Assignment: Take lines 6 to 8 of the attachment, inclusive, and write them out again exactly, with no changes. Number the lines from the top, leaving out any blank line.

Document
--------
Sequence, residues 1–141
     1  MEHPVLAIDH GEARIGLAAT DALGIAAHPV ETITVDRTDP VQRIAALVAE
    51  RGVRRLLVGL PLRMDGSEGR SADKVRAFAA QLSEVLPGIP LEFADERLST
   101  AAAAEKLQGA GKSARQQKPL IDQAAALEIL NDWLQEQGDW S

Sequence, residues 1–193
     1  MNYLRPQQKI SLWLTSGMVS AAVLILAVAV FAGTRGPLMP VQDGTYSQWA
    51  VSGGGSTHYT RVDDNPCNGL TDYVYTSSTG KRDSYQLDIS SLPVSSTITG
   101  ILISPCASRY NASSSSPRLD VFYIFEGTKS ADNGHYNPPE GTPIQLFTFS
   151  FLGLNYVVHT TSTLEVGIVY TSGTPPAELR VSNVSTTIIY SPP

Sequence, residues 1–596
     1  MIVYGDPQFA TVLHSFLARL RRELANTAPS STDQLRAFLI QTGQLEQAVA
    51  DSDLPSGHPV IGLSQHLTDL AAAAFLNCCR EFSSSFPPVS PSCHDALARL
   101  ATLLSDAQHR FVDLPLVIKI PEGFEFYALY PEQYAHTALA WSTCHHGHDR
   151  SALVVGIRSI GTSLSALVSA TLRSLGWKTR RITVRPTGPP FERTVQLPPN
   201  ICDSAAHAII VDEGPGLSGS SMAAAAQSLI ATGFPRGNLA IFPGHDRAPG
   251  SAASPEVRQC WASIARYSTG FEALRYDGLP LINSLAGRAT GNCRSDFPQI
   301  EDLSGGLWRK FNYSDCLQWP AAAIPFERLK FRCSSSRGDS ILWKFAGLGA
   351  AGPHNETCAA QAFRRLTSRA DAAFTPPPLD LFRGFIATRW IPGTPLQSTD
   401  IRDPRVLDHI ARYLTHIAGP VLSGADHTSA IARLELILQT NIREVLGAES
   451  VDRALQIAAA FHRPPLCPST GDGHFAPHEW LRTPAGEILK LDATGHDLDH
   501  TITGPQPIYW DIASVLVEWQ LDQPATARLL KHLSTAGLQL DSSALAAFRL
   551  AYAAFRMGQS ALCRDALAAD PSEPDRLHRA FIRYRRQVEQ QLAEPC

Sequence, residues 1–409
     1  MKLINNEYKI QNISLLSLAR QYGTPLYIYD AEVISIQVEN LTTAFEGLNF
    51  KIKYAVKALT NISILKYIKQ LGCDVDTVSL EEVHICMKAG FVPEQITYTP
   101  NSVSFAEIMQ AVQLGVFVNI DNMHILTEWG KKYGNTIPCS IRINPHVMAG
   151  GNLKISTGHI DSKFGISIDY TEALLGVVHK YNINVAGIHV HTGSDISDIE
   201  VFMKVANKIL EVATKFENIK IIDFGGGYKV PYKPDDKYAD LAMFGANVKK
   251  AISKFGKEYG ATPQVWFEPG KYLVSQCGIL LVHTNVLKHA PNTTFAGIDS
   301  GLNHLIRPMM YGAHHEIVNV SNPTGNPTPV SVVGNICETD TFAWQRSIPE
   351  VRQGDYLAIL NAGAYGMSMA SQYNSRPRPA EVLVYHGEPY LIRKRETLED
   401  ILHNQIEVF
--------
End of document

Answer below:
     1  MNYLRPQQKI SLWLTSGMVS AAVLILAVAV FAGTRGPLMP VQDGTYSQWA
    51  VSGGGSTHYT RVDDNPCNGL TDYVYTSSTG KRDSYQLDIS SLPVSSTITG
   101  ILISPCASRY NASSSSPRLD VFYIFEGTKS ADNGHYNPPE GTPIQLFTFS